Absolute Decline: The S&P 500 has declined by 47% on a price basis. During the 73/74 bear market the S&P 500 dropped by 48% (but it did have a higher dividend yield). Before that it was the 1930s’ depression period when we last saw declines larger than the decline in the S&P.  As you know the NASDAQ has fared worse and is now down 75%. The last great bubble before the NASDAQ was the Japanese stock market. That market dropped 57% over 30 months (and has remained in a trading range for another ten years and counting.) There are significant differences between the U.S. and the Japanese market, though. While there are concerns about our real estate market, the Japanese real estate market was a massive bubble, and Japanese stocks were even more overvalued than U.S.stocks at the peak. Japan's banking system was and remains sick and the government has not been aggressive in reforming it. The U.S. has a history of being much quicker to "take our medicine" when we need to, as was the case in the S&L crisis.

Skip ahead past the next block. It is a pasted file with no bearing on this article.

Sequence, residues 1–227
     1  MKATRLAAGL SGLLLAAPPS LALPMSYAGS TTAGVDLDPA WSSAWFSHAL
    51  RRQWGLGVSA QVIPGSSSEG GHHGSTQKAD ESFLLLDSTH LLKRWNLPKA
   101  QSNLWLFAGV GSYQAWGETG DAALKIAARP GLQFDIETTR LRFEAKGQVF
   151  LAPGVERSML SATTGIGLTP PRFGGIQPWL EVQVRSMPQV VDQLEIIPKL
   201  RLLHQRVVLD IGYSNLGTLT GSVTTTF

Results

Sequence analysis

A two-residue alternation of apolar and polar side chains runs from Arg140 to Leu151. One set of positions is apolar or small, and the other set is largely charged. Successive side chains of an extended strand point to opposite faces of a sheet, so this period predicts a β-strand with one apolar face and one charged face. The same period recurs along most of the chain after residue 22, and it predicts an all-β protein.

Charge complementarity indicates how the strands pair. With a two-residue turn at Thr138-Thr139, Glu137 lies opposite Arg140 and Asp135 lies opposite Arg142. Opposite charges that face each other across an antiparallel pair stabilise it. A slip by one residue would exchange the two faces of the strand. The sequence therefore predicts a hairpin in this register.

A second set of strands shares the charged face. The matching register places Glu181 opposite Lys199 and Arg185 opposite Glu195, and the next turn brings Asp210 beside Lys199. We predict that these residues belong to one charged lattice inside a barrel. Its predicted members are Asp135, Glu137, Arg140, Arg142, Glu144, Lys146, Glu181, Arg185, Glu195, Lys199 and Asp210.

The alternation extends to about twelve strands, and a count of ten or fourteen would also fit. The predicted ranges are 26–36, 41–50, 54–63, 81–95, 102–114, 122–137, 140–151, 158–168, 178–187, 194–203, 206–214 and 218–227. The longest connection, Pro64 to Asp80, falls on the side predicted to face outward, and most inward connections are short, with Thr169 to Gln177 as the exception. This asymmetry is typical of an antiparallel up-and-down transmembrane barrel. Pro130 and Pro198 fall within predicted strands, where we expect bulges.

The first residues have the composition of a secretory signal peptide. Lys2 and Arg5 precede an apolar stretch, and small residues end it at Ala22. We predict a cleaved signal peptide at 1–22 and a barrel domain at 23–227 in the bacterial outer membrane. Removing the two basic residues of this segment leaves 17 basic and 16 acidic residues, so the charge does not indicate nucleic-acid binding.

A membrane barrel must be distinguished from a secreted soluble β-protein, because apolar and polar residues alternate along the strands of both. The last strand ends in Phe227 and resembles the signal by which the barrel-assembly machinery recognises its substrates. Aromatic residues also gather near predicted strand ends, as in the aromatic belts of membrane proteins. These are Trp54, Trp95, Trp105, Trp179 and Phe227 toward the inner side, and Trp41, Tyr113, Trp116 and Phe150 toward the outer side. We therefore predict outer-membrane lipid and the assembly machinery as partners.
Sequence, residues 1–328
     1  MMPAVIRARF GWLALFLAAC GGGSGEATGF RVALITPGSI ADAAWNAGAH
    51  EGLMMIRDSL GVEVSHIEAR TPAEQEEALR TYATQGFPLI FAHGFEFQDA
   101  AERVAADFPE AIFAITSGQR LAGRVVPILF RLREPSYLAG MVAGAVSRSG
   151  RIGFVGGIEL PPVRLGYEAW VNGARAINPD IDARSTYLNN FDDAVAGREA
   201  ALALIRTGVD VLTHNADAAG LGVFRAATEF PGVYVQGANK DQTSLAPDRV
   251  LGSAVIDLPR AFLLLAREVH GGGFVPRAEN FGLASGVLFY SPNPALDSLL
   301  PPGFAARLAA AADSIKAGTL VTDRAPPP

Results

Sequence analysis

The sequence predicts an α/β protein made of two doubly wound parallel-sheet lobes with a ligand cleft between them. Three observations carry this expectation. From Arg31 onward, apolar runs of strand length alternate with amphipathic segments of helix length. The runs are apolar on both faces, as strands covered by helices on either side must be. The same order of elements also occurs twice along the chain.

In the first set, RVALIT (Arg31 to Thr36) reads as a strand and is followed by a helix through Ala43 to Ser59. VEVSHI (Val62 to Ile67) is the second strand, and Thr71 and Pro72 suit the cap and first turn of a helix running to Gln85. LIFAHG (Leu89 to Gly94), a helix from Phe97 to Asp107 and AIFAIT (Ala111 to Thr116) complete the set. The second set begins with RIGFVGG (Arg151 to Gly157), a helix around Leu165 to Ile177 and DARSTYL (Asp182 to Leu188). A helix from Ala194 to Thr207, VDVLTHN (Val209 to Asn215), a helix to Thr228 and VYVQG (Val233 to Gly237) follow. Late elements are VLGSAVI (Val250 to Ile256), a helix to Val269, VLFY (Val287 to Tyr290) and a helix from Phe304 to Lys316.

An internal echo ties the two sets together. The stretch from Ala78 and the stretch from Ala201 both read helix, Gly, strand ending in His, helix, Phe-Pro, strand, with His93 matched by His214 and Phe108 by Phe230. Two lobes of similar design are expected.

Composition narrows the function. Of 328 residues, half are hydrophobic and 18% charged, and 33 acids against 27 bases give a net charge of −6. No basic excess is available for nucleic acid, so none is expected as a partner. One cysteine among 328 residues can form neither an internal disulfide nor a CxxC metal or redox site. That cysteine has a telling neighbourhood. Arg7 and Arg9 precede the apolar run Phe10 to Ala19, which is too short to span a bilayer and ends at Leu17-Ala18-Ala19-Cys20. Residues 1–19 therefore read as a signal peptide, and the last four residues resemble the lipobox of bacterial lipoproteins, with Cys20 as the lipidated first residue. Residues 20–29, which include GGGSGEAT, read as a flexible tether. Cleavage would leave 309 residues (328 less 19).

Length of Decline:  The current bear market started two years and four months ago. That makes it longer than any U.S. bear market since the depression years.


Technical Factors:  I do not rely on technical analysis in my decision-making. However it is true that the end of most bear markets is characterized by large declines on very high trading volume. On Friday, July 19 the market was down big on very high volume and on Monday it was also down on high volume.